I wrote, some years ago, an article about rum and its many uses. In it, I mentioned that I don’t understand hot buttered rum, because I’ve never found a recipe for it that resulted in something even remotely drinkable.
Nat provided me with a recipe at the time, but it just didn’t work for me somehow. This week, however, he lent me a copy of David Wondrich’s awesome book Imbibe! From Absinthe Cocktail To Whiskey Smash, A Saulte In Stories And Drinks To “Professor” Jerry Thomas, Pioneer of the American Bar. While flipping through, I saw his recipe for hot buttered rum. “Worth a shot,” I muttered to myself.
The recipe is simplicity itself:
- 1 teaspoonful of sugar
- 1 Wine-glass [2 oz] of Jamaica Rum
- 1 Teaspoonful of spices (allspice and cloves)
- 1 piece of butter as large as half of a chestnut
Fill tumbler with [3-4 oz] hot water.
I’ve tried to make this drink tens of times based on various internet recipes, and it’s clear that it’s one of those alchemical mixtures where getting the proportions even a little wrong results in something horrifying. This recipe works. It’s balanced, has a nice texture, and is delicious. Thanks to David Wondrich, Jerry Thomas, and Nat for setting me straight.
I’ll be picking up my copy of Imbibe! this week. It’s a wonderful reference, and the historical discussion of the evolution of the cocktail from the protoplasmic punch through slings, fizzes, and cocktails makes for fascinating reading.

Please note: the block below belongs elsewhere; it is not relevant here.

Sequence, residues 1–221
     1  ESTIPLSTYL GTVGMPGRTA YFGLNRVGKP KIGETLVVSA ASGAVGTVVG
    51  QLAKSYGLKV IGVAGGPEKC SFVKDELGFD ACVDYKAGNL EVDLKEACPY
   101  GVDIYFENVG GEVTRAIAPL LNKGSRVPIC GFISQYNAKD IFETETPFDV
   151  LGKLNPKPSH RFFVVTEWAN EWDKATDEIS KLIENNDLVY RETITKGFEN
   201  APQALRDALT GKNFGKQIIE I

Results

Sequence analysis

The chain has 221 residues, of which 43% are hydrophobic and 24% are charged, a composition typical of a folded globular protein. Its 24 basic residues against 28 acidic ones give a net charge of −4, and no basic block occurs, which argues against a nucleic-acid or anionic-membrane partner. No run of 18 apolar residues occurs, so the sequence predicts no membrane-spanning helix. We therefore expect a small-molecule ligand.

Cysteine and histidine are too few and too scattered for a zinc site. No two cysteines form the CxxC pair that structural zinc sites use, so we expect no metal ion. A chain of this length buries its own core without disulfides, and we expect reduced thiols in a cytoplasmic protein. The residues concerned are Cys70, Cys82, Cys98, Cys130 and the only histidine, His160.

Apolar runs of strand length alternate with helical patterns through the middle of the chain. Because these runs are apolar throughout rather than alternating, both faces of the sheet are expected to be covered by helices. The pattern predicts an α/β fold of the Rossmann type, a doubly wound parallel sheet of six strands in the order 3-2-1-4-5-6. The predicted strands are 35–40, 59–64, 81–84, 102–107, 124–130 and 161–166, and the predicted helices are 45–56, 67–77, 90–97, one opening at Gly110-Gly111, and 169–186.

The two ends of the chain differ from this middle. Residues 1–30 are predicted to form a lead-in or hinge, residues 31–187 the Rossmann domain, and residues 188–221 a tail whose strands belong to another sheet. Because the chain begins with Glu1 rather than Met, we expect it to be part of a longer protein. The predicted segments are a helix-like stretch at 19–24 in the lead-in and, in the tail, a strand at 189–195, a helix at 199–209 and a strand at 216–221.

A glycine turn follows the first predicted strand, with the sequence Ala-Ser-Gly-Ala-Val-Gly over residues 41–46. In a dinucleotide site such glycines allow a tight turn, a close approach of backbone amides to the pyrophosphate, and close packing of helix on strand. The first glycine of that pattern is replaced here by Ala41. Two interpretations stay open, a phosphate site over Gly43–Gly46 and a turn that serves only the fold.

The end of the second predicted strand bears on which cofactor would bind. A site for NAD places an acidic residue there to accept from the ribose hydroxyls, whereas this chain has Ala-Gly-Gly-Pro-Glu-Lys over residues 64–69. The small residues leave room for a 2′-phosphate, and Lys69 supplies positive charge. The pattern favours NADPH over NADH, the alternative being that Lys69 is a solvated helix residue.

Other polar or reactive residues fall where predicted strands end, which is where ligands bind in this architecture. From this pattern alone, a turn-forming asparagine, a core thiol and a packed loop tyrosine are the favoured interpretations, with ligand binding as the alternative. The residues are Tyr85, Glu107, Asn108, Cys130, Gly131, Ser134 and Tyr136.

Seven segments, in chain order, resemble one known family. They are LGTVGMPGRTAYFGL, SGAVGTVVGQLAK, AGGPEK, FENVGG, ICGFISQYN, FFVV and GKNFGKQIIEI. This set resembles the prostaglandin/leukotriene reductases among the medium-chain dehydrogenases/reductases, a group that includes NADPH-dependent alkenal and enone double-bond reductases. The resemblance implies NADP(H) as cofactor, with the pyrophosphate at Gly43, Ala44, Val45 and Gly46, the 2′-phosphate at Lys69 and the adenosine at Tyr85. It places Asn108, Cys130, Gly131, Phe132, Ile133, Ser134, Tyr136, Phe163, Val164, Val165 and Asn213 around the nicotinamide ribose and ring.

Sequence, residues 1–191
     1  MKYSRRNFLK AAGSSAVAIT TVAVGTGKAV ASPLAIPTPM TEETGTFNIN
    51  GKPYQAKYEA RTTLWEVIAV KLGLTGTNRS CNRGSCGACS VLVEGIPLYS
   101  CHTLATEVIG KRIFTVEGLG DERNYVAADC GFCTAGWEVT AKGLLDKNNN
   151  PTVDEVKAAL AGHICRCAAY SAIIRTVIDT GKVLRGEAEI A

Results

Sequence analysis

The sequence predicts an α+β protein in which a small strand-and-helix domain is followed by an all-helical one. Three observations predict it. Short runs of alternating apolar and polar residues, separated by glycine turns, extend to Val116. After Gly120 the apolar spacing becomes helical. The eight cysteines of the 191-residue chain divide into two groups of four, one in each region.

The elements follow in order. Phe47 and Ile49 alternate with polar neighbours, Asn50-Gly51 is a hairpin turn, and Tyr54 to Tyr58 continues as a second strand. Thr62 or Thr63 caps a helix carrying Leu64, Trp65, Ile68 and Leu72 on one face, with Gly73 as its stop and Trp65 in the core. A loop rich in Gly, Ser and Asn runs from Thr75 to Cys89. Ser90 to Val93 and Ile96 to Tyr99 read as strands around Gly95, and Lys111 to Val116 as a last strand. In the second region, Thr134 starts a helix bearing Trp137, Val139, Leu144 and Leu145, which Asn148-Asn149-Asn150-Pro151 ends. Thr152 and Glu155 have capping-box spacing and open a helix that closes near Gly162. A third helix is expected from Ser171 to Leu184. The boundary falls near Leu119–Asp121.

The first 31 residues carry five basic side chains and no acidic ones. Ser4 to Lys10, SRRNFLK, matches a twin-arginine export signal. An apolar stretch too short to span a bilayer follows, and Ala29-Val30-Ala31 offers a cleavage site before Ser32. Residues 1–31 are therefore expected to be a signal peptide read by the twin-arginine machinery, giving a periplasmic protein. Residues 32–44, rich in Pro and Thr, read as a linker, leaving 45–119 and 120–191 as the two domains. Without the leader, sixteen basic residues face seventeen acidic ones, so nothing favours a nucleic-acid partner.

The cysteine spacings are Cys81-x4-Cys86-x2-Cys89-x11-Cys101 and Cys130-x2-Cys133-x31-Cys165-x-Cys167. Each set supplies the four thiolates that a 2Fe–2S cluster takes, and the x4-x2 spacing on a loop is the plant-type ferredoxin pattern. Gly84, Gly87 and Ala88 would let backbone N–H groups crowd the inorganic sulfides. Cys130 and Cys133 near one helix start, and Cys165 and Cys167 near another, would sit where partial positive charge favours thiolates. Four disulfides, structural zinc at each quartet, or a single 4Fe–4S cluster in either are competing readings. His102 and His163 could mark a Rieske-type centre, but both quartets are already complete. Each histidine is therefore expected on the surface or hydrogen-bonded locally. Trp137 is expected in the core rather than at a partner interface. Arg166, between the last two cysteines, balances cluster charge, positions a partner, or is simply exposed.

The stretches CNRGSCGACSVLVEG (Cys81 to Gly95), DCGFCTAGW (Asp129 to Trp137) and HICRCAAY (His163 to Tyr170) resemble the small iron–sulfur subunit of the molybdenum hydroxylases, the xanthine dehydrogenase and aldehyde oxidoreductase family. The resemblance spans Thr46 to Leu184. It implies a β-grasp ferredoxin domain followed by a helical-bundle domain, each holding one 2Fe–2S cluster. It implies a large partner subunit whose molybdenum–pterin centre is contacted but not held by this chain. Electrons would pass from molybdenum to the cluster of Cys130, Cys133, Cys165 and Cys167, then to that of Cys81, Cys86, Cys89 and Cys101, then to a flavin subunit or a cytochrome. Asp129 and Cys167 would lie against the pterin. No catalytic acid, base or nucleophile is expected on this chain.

If you buy the book via the Amazon link above, Tea Leaves gets a kickback, which I promise we will spend only on booze. That’s how dedicated we are to you, our readers.
Since I’m discussing one hot drink here, let me mention another: oyawari. Simply hot whiskey and water (itself mentioned in Wondrich’s book), you can read step by step instructions on how to make it at one of my favorite liquor-related blogs, Nonjatta. I read Nonjatta to torture myself, since of all the hundreds upon hundreds of fine Japanese whiskeys they discuss, only one is available in the United States. But distance lends enchantment, and someday, perhaps, the global economy will come to my rescue.